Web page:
Like Ravi Deecee discovered from his friends living abroad, many lovers of Malayalam literature have suffered with little access to books. Aysha Markerhouse was one of them, living far off in Taiwan, where Malayalam books were nowhere to be found. She searched for a way out and found Storytel five years ago, devouring the books of Basheer, KR Meera and Mukundan. She began playing the books in the background as she worked or drove. And for her little son Adam, she began offering children's books set in the Indian context. "Audiobooks also helped me get back to physical books. I had nearly dropped the habit and never sat down to read. But audiobooks removed those blocks. You also get to hear all sorts of native accents this way. Chimamanda Ngozi Adichie's books are read by someone from her hometown in Nigeria. When there are books that especially make you feel for them, I both read and listen to it. I read the English version of Nadia Murad's The Last Girl, on an ISIS bride. And because her hardships affected me deeply, I went and listened to the book’s Malayalam version as well."

Chitrasenan, of the Modern Book Centre in Thiruvananthapuram, says that people seeking out the books they loved listening to was always a possibility. He does not have the data to support this theory. But as a seller and a listener, he stands firm on the idea.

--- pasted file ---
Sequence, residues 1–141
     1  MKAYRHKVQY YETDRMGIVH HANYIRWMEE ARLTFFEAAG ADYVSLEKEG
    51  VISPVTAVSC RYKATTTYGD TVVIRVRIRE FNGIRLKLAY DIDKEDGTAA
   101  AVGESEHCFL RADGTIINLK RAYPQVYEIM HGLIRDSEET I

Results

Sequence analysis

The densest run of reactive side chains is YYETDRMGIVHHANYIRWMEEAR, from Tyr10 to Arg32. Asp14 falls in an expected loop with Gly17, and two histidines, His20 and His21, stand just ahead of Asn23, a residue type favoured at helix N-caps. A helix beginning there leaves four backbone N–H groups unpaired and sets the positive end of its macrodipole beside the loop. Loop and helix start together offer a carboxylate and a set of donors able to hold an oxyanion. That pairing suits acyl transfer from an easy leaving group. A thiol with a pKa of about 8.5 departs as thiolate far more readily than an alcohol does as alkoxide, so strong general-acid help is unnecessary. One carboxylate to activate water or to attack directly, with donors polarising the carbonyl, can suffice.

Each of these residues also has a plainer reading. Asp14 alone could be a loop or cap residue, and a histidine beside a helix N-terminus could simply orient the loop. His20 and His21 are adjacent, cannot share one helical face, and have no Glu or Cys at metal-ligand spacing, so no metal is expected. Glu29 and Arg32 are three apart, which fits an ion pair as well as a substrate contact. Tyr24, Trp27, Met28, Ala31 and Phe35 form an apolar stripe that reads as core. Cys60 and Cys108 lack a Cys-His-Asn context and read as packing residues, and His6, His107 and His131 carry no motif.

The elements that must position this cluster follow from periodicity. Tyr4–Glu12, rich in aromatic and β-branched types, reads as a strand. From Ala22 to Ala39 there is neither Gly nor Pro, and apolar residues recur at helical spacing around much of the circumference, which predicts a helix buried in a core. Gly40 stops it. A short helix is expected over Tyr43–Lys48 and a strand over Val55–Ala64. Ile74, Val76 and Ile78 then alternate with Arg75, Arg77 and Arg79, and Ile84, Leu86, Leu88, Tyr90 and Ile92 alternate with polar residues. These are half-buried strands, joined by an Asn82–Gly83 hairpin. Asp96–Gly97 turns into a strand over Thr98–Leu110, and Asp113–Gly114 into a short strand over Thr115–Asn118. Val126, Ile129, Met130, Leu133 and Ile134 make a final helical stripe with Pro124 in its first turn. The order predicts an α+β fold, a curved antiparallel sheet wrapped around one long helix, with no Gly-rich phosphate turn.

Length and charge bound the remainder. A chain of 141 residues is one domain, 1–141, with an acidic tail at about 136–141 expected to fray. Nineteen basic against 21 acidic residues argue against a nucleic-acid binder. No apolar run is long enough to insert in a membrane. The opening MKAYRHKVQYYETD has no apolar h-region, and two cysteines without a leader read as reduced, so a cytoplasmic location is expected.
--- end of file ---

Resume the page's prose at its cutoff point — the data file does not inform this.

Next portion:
Writer Mukundan has another theory. "Audiobooks are still only catching up in Kerala, because here Malayalis don't face the same problem as the NRIs. They can easily go out and buy the books they want. Another reason is that unlike in western countries, we don't spend a lot of our time driving smoothly on the road, we need to navigate the bumps and potholes on the way," he says. Not perhaps the frame of mind to absorb mind numbing stories or characters, he must mean.

Mukundan does not plan to record his own audiobooks, he says, though he sometimes narrates the stories he writes for the Mathrubhumi magazine. KR Meera, another popular writer, has a different view. She would like it best if she read what she wrote, she says, but hasn't had the time. "I think there are still only a nominal percentage of people who try audiobooks, and I have heard very few reviews," she says. 

Technology helping reading habit

It does not really matter how people read as long as they imbibe the written word, and in that way, technology has helped. That's the thought of Shobhana, state librarian at the Public Library in Thiruvananthapuram. "Earlier too, people used to read when they travel. Only, those were books you held in your hand on a train or a bus. A friend you took along," she says dreamily.

"Now it is the phone you can't do without that has become dearer than books. It is a revolutionary change, and clearly, it has not reduced the reading habits of people. Only the space they read from has changed. From social media to ebooks to online discussions, they are always reading something. This way, they can not only read, but write too," Shobhana says. 

Then there are those who came back to the printed book all the more strongly, after a taste of the audiobook. Vinod Kuroor gives examples. “One of my cousins, who used to be a huge reader and gave up the habit later on, began listening to audiobooks when he travelled long distances for work. He’d connect a Bluetooth speaker and play books on it, which eventually led him back to paperback. Another man, a veterinarian surgeon, said he began listening to Thakazhi’s classic work, Kayar, which is about 42 hours long on the app. After listening to the book, he wanted to read it so badly that he went out and bought it the very next day,” Vinod says.